Universal’s strategy to bypass theaters and release “Trolls World Tour” on demand has been a rousing success, but that doesn’t mean movie theaters are going to disappear entirely.
The sequel to the animated film has earned nearly $100 million in rental fees domestically for the studio since it was released digitally on April 10, the same day it was set to be released in theaters, a person familiar with the matter confirmed to CNN Business.
Studios and movie theaters share about 50% of a film’s box office grosses, but studios get a bigger slice of the digital pie, bringing in around 80% of sales. That means Universal has made roughly $77 million from the digital release of “World Tour” so far.
The Wall Street Journal was the first to report the numbers. Universal declined to comment.
The original “Trolls” movie, which was released in theaters in 2016, brought in $153 million domestically, or about $76 million after the split with theaters. That means “World Tour,” which came with a rental fee of $19.99, has made more for Universal in three weeks with a digital release than its predecessor made in five months theatrically in North America.
At first glance, those numbers are pretty alarming for the movie theater industry, which has had to shut its doors around the world because of the coronavirus outbreak. However, there are several factors that should be considered when assessing the big digital success of “World Tour” in relation to the future of the movie theater industry.
For starters, home viewership is way up right now with millions sheltering in place and starving for content. That doesn’t take away from the success of “World Tour,” but less competition from sports or other pastimes means more eyeballs for the film. The film also has a long way to go before it matches the global success of the original, which made more than $346 million worldwide in 2016.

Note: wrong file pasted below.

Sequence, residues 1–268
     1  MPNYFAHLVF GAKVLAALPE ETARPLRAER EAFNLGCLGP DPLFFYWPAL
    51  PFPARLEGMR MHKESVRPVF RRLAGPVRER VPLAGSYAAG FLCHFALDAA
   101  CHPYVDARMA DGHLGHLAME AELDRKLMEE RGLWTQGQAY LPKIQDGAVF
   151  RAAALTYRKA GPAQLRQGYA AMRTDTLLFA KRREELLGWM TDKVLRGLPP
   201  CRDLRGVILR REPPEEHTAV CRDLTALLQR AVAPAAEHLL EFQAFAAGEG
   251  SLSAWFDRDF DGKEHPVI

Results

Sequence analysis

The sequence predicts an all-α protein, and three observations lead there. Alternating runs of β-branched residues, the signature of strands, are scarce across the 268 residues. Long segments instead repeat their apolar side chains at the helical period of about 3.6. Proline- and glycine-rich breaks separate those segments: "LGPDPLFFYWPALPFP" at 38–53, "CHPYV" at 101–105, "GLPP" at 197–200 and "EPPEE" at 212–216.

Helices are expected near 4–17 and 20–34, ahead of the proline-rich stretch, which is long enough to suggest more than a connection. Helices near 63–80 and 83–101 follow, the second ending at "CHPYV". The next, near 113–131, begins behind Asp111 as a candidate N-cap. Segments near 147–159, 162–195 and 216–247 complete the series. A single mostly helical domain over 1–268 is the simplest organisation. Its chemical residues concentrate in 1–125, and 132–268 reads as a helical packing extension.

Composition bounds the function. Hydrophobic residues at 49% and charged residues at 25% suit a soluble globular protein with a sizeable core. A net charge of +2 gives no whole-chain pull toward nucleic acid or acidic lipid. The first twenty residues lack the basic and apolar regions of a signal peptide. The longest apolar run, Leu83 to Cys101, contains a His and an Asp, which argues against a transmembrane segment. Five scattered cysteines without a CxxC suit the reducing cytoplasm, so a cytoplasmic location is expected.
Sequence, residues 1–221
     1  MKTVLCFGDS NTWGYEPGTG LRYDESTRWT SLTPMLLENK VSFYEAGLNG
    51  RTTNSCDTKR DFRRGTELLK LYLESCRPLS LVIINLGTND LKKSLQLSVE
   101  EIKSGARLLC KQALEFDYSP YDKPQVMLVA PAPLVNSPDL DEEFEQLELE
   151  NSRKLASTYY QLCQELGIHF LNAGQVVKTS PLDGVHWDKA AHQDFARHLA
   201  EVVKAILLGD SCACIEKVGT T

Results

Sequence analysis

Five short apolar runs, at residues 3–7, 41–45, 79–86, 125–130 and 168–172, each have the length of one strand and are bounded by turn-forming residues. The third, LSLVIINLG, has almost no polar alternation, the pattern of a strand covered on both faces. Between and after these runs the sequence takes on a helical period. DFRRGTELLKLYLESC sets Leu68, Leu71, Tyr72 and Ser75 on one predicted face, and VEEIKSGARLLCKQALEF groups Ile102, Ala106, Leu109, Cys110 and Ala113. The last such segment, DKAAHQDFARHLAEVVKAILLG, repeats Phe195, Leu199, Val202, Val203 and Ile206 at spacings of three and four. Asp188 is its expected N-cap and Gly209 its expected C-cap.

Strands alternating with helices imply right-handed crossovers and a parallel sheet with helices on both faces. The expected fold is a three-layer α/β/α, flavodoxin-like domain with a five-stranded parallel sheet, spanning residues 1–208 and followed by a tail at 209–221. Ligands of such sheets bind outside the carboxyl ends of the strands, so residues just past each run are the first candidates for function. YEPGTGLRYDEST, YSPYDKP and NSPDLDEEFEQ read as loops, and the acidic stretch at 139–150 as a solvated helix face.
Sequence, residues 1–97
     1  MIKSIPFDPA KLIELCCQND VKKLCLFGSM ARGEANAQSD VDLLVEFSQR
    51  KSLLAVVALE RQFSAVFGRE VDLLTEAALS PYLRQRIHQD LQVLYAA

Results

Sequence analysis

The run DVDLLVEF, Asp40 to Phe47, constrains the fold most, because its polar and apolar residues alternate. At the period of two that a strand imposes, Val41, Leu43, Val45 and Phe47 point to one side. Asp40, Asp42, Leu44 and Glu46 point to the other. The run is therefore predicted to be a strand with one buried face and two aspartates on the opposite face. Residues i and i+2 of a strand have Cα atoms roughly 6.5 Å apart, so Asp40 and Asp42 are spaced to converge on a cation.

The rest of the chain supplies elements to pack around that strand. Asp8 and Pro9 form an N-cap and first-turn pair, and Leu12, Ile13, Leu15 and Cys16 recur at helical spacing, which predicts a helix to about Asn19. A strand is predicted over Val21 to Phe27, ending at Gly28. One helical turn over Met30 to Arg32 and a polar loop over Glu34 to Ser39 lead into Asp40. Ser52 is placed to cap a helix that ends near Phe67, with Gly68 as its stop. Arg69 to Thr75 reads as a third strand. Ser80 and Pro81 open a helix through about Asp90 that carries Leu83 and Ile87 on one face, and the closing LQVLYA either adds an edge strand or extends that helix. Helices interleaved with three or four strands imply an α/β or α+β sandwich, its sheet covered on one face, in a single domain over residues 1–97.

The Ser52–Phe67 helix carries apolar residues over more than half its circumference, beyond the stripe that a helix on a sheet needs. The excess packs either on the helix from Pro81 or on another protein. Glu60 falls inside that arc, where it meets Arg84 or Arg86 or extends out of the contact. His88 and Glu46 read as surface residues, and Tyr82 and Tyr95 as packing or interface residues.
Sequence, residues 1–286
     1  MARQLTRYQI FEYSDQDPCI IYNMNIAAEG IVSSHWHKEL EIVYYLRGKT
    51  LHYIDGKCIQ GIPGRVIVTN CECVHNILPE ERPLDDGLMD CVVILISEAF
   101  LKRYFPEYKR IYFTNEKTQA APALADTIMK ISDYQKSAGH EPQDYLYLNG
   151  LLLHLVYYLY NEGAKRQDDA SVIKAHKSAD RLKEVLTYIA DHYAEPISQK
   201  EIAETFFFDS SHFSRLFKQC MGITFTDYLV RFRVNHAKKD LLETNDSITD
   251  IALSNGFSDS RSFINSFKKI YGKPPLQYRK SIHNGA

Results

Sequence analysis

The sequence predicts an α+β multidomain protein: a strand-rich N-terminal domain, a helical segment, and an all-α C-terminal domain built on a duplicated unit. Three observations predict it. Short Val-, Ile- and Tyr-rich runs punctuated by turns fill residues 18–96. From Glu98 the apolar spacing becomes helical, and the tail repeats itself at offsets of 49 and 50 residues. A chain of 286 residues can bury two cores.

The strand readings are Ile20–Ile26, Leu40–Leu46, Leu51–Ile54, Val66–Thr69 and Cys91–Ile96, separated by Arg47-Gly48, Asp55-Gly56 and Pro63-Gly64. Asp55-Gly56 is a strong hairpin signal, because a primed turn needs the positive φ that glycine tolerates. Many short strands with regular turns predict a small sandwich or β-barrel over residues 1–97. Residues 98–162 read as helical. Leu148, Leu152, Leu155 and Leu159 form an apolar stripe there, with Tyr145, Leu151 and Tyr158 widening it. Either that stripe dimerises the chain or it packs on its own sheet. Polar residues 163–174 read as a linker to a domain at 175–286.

Universal, which shifted other films like “The Invisible Man” and “The Hunt” to on-demand platforms, made it clear that it’s not giving up on the theatrical experience.
The studio, which is owned by Comcast (CMCSA), said in a statement last month that it made its movies available to the home market now because of the “current circumstances,” which have “made it more challenging to view our films.” And Jeff Shell, NBCUniversal’s CEO, told the Wall Street Journal on Tuesday that “as soon as theaters reopen, we expect to release movies on both formats.”
The studio has also chosen to delay some of its biggest potential blockbusters such as “F9,” the next installment in the lucrative “Fast & Furious” franchise, and “Minions: The Rise of Gru” rather than release them digitally.
But the experiment of releasing “World Tour” via on-demand has shown that there is a sizable market for releasing films for at home viewing. Universal announced on Monday that its latest Judd Apatow comedy, “The King of Staten Island,” will head directly to digital.
Other studios, such as Disney (DIS) and Warner Bros., have also announced that films like “Artemis Fowl” and “Scoob!” would likewise make the jump to digital. (WarnerMedia is the parent company of Warner Bros. and CNN.)
Still, it’s difficult to know if studios are simply making the best of a terrible situation or if the digital release strategy of “World Tour” is the future of the film business.
Of course, if Universal really believed that going to the movies — and the box office grosses that comes with it — was a relic of the past, audiences would likely be watching “F9” at home right now and not in theaters next April.